- (Principal Investigator)
- Dr Enrico Bonadio (Co-Investigator)
Mexico and Cuba are two countries with a shared problem: ineffective intellectual property (IP) policies and underdeveloped strategies for linking universities with the local economy. Academics at the National Autonomous University of Mexico (UNAM) and the University of Havana (UH) are creating extraordinary inventions, but they have little incentive to capitalise on them via IP rights such as Patents and Trademarks. This stops professors and researchers from developing and selling their potentially life-changing medicines and technologies. Local economies miss an opportunity to grow, and universities lose out on a source of funding.
Dr McDonagh and Dr Bonadio from City, University of London know how to help academics use IP rights and entrepreneurship skills to commercialise the inventions they create. In the UK, it’s common for universities to take advantage of IP and the revenue university researchers earn from their inventions spurs the British economy. The revenue flows back into universities like City where it can fund more research. They want the same thing to happen at UNAM and UH. They’ve been working on this project with Dr Ana Alba Betancourt, a Mexican partner at UNAM.
What did we explore and how?
In Mexico, professors can earn points from the National System of Researchers, which promotes scientific research, for getting a patent on their inventions. But they don’t earn any points for doing anything after they’ve got the patent. So there’s a lack of incentive to commercialise the patent within the local economy. Public universities in Mexico are also hesitant to invest funds in their academics’ commercial projects. Researchers typically lack resources and don’t have any motivation to meet with investors. They miss opportunities to keep their research funded as a result.
After meeting with staff at UNAM, Dr McDonagh and Dr Bonadio discovered academics weren't getting much funding for their research from the public universities they worked at. And academics struggle to look for investment elsewhere. One robotics professor complained about a lack of opportunities to create spin-out companies based on university research. Dr McDonagh and Dr Bonadio, along with Dr Alba Betancourt, reacted to this discovery by getting in touch with New Ventures, a Latin American investor network. They explained how hard it was for academics to find funding for their research. New Ventures responded by inviting the robotics professor to a conference in February 2019 where he could meet prospective investors.
As a communist country, Cuba has a state-run economy. As part of the state, UH has a policy to take all the profits from inventions patented by university professors. We spoke to a UH academic who had been involved in two projects that produced patents. Yet, after completing all the application paperwork and seeing the inventions made available to the public, the academic never earned any royalties. The experience made him never want to bother with the process again.
Dr McDonagh and Dr Bonadio met the Vice-Rector of UH in May 2019. They explained how intellectual property policy was discouraging professors from patenting their technology, discussing the academic who patented two inventions without earning any royalties. They then offered to review and assist in rewriting UH’s intellectual property policy. The Vice-Rector accepted.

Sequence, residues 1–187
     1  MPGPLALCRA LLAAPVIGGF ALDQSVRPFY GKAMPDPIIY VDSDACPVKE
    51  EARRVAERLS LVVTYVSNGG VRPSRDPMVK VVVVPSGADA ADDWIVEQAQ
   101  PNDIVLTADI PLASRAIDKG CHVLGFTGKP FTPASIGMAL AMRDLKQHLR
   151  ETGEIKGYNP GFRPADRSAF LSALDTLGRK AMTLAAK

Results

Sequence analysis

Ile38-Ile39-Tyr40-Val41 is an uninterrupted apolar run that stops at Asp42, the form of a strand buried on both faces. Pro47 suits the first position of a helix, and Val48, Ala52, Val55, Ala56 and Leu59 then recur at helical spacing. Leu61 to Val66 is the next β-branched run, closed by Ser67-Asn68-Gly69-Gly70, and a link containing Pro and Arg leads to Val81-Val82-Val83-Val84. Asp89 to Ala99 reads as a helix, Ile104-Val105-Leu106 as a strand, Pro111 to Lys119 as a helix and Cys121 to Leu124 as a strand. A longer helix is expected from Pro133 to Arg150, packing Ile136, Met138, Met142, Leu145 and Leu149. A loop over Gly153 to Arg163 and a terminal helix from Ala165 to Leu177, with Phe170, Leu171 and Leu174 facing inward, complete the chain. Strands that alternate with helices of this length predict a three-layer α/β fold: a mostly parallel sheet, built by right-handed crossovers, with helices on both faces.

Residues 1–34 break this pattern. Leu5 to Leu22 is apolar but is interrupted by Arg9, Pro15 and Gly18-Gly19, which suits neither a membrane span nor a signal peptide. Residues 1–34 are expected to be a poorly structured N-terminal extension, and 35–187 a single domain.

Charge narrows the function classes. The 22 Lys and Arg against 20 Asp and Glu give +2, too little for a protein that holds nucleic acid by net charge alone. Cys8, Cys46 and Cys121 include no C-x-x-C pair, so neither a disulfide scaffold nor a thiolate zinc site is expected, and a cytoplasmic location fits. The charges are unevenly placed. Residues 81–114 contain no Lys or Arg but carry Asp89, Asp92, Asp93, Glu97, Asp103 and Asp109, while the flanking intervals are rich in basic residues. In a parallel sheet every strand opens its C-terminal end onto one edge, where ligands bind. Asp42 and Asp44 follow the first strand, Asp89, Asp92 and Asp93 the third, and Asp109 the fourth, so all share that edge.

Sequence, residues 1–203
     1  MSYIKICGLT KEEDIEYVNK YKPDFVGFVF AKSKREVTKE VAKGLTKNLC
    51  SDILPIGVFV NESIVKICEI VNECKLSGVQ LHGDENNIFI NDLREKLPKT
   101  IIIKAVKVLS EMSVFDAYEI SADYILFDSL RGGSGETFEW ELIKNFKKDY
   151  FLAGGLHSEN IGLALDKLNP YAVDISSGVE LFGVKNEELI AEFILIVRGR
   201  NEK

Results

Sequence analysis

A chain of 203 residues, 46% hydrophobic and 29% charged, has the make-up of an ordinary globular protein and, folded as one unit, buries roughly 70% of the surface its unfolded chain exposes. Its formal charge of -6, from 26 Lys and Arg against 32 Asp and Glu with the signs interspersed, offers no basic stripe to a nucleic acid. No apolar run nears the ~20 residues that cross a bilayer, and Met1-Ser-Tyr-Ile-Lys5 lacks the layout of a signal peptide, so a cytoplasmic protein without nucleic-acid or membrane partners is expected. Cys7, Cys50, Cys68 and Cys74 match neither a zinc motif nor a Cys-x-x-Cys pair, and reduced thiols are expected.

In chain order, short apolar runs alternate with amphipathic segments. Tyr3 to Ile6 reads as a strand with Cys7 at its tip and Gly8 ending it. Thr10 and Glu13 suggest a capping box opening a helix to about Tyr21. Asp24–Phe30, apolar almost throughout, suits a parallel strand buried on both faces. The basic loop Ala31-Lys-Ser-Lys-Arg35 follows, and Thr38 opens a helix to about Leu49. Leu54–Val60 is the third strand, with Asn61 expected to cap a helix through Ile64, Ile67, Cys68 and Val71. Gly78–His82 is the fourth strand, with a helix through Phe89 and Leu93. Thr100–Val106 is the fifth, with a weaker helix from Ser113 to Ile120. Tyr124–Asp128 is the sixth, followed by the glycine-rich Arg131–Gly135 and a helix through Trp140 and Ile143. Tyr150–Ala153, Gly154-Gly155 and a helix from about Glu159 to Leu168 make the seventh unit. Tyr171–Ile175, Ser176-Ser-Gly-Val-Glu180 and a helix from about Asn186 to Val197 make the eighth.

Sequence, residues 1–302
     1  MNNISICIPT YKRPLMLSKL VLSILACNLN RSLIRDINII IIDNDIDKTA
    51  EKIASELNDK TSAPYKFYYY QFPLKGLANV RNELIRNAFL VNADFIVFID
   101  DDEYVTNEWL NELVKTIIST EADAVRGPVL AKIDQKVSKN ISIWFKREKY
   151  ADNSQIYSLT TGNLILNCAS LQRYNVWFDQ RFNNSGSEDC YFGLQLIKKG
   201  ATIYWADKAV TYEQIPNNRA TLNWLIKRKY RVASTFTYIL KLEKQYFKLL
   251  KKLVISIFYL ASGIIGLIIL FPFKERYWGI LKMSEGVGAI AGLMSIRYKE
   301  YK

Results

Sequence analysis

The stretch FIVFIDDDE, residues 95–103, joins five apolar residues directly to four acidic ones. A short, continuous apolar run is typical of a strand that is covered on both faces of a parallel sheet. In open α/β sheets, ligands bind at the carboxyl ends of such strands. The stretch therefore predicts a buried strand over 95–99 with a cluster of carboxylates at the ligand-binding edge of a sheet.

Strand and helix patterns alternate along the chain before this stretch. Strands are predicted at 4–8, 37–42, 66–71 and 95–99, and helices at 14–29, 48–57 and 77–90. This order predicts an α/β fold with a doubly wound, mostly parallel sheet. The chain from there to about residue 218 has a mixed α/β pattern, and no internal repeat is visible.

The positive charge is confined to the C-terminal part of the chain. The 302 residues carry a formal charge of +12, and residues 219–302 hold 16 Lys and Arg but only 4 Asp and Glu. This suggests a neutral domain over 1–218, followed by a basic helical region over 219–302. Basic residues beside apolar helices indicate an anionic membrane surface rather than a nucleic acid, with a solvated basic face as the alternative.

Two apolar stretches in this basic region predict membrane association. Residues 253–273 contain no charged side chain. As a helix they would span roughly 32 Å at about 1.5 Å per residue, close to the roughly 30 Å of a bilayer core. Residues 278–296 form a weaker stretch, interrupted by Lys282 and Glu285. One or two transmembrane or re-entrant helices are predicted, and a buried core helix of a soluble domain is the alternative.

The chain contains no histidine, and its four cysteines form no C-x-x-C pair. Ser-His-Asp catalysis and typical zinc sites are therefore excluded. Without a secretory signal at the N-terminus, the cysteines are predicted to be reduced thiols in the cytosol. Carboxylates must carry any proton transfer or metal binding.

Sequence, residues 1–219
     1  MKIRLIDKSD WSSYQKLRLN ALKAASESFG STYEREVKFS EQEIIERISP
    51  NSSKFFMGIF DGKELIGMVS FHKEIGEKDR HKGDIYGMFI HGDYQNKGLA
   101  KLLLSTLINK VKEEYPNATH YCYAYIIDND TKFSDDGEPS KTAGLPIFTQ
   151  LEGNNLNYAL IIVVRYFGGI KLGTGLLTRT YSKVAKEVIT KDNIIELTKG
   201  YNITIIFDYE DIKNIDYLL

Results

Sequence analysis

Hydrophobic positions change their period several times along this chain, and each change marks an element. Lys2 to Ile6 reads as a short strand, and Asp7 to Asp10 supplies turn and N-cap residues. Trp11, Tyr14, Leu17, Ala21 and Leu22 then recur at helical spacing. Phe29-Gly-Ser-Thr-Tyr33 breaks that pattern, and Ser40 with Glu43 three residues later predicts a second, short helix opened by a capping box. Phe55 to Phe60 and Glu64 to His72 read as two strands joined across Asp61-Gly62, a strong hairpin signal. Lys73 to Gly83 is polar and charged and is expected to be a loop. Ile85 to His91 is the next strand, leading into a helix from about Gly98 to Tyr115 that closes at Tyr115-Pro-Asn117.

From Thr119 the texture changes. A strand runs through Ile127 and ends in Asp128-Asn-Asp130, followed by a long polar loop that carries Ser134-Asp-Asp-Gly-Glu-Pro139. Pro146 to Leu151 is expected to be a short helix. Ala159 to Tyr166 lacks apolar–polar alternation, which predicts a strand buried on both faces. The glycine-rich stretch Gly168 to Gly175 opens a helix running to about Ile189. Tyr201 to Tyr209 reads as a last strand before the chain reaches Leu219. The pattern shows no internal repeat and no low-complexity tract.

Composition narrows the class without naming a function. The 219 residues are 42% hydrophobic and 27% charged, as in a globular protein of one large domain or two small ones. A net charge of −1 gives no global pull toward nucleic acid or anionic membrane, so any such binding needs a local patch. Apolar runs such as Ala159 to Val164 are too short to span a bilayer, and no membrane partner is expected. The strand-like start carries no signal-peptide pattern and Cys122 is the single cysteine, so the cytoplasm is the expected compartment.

Benefits and influence of this research
There are more incentives for patenting inventions coming to life in both countries.
Thanks to networking activities, the robotics professor from UNAM received sponsorship from New Ventures to attend the Latin American Impact Investing Forum (FLII) 2019 in Mexico. Several investors made offers to fund the professor’s research. This could help UNAM and spur innovation in Mexico’s wider economy. The economy will benefit from having a new product for consumers to spend cash on and UNAM will earn some of the royalties from the product. They can use the money from royalties to fund more research. Dr McDonagh, Dr Bonadio and Dr Alba Betancourt are now hoping to inspire change at Government level, meeting policymakers from the Innovation Ministry at the State of Jalisco shortly after the New Ventures event.
After rewriting UH’s intellectual property policy, attitudes in Cuba are changing. Now, professors and other university researchers will receive 10% of the royalties from sales of their patented inventions. This will inspire more researchers to patent their new medicines and technologies and the public should benefit from these new inventions.
Dr McDonagh and Dr Bonadio don’t plan on stopping there. Their ambition is to create a patent law network between the UK and Latin America. In addition to Mexico and Cuba they visited five Colombian universities in Bogotá in 2019 to discuss innovation. In 2020 they plan to visit universities in Argentina. The region has many great universities and can become a hub for new, and potentially life-changing, technology.
Innovation can help grow economies and fund university research. With the right network in place, inventorship and entrepreneurship can flourish.
Details of this research
Research status: Ongoing
Topic: Intellectual property
Industry/sector: Technology, Law, Politics